Senior Health Foods You May Not Know About
Getting older has its challenges from the slowing of the metabolism to the higher risks of diseases. Recent scientific discoveries show that certain foods can heal, cure, and prevent disease and certain illness.
Why Are Senior Health Foods Guidelines Different?
While eating well is vital no matter our age, choosing specific senior health foods is vital due to the change in dietary needs at this time of life. The nutrients we need change as we age. This helps to explain why kids are given different nutritional guidelines from teens. Why young adults should eat slightly differently than older adults, and why seniors also have their own requirements.
As a senior, failing to eat the right health foods can be very problematic. It can reduce health, quality of life, and longevity. It can reduce energy levels and place a person at risk of unnecessary medical complications. Unfortunately, for many different reasons, seniors simply aren’t meeting their own basic nutritional requirements. This means that they’re experiencing varying degrees of malnutrition which can lead to symptoms that are easily misdiagnosed as illnesses or disease.
Said simply, our bodies change as we age but remain just as dependent on nutrition to function properly as always. Why do we stop making a priority of our nutritional needs as we become senior citizens? We recognize how critical it is for babies, children and teens. We often try to fine tune our nutrition in adulthood as we experience firsthand the impact our food choices have on our weight, our energy levels and our overall wellness. This seems to fade as we get older.
Changing Your Diet for the Better
It’s never too late to eat to a better you. Senior women (over 50) need about 1600 calories for a sedentary lifestyle, 1800 for moderate physical activity, and 2000 for an active lifestyle. Senior men (over 50) need about 2000 calories for a sedentary lifestyle, 2200 for moderate activity, and 2800 for an active lifestyle. Counting calories is not nearly as important as what kind of calories you are putting into your body.
Senior health foods guidelines:
Fruit – Focus on whole fruits rather than juices for more fiber and vitamins and aim for around 1 ½ to 2 servings each day. Break the apple and banana rut and go for color-rich pickings like berries or melons.
Veggies – Choose antioxidant-rich dark, leafy greens, such as kale, spinach, and broccoli as well as orange and yellow vegetables, such as carrots, squash, and yams. Try for 2 to 2 ½ cups of veggies every day.
Calcium – Maintaining bone health as you age depends on adequate calcium intake to prevent osteoporosis and bone fractures. Older adults need 1,200 mg of calcium a day through servings of milk, yogurt, or cheese. Non-dairy sources include tofu, broccoli, almonds, and kale.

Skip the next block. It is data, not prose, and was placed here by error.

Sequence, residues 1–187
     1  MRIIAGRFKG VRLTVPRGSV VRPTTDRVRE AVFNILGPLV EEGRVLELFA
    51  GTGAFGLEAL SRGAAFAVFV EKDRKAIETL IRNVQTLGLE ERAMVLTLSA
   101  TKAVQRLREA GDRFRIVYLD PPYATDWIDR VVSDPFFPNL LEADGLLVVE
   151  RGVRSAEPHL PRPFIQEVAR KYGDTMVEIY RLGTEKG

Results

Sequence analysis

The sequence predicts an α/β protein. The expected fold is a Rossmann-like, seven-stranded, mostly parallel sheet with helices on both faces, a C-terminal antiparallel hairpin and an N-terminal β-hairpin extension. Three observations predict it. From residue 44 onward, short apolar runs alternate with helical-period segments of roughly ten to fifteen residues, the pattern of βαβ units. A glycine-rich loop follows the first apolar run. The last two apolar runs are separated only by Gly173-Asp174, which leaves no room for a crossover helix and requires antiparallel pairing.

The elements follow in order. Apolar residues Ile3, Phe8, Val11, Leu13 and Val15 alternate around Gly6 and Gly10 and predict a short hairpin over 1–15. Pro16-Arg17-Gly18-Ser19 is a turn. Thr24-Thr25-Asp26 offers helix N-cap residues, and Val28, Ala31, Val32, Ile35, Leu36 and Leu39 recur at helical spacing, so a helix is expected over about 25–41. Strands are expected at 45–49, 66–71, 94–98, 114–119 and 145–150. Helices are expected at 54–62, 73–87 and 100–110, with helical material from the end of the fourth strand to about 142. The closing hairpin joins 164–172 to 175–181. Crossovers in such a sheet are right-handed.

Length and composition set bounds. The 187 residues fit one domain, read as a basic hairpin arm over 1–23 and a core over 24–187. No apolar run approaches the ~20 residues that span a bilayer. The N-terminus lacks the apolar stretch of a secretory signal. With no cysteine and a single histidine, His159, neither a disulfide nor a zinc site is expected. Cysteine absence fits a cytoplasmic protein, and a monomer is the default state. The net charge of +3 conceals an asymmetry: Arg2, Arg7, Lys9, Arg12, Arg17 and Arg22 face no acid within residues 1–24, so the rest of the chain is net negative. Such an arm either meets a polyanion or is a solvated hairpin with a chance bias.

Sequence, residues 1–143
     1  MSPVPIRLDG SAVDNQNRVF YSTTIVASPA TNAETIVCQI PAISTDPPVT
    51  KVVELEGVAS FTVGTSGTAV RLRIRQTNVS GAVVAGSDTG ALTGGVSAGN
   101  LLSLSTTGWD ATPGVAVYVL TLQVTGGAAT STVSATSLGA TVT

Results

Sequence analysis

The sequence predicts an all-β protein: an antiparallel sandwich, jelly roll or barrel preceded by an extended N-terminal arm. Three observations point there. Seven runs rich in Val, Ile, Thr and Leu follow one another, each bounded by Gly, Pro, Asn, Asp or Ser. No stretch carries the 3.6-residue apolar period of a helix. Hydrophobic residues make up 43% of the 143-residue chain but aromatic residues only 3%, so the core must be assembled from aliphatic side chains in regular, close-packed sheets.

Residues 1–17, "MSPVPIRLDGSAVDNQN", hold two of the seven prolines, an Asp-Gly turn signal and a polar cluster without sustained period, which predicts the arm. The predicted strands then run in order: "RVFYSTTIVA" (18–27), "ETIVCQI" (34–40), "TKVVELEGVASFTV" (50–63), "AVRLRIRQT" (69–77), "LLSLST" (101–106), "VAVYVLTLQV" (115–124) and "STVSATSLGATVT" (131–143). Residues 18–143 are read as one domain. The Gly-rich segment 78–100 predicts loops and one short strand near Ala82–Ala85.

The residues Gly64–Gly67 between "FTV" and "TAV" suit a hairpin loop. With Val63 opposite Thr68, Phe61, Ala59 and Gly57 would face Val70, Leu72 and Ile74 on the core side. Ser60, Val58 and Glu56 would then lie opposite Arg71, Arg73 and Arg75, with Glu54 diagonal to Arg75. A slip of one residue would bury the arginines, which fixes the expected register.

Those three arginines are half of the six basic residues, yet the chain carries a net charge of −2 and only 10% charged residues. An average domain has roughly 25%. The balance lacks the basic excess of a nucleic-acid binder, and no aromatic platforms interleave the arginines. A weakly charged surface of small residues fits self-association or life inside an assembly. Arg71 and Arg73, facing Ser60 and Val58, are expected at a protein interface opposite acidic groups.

Grains – Be smart with your carbs and choose whole grains over processed white flour for more nutrients and more fiber. If you’re not sure, look for pasta, breads, and cereals that list “whole” in the ingredient list. Older adults need 6-7 ounces of grains each day (one ounce is about 1 slice of bread).
Protein – Adults over 50 need about 0.5 grams per pound of bodyweight. Simply divide your body weight in half to know how many grams you need. A 130-pound woman will need around 65 grams of protein a day. A serving of tuna, for example, has about 40 grams of protein. Vary your sources with more fish, beans, peas, nuts, eggs, milk, cheese, and seeds.
Senior Health foods for Osteoporosis:
– cheddar cheese
– 1000 mg of calcium
– 77 g of protein
Senior Health foods for Heart disease:
-healthy fats such as raw nuts, olive oil, fish oil, flax seeds, avocados
-fruits and vegetables rich in color prepared without butter
-fiber from cereal, bread, pasta made from legumes or whole grains
-omega-3 and protein found in fish, shellfish, and poultry
-calcium found in egg whites, egg substitutes, skim milk, 1% milk, non fat cheese, yogurt, almond milk
Senior Health foods for Anemia:
-Breakfast cereals enriched with iron
-One cup of cooked beans
-One-half cup of tofu
-1 ounce of pumpkin, sesame, or squash seeds
Good sources of nonheme iron, with 2.1 milligrams or more per serving, include:
-One-half cup of canned lima beans, red kidney beans, chickpeas, or split peas
-One cup of dried apricots
-One medium baked potato
-One medium stalk of broccoli
-One cup of cooked enriched egg noodles
-One-fourth cup of wheat germ
Other sources of nonheme iron, with 0.7 milligrams or more, include:
-1 ounce of peanuts, pecans, walnuts, pistachios, roasted almonds, roasted cashews, or sunflower seeds
-One-half cup of dried seedless raisins, peaches, or prunes
-One cup of spinach
-One medium green pepper
-One cup of pasta
-One slice of bread, pumpernickel bagel, or bran muffin
-One cup of rice
Whether you are 25 or 95, eating a diet specific to your body type, lifestyle, and needs will improve overall health. Make sure to ask your doctor before starting a new diet. Be well.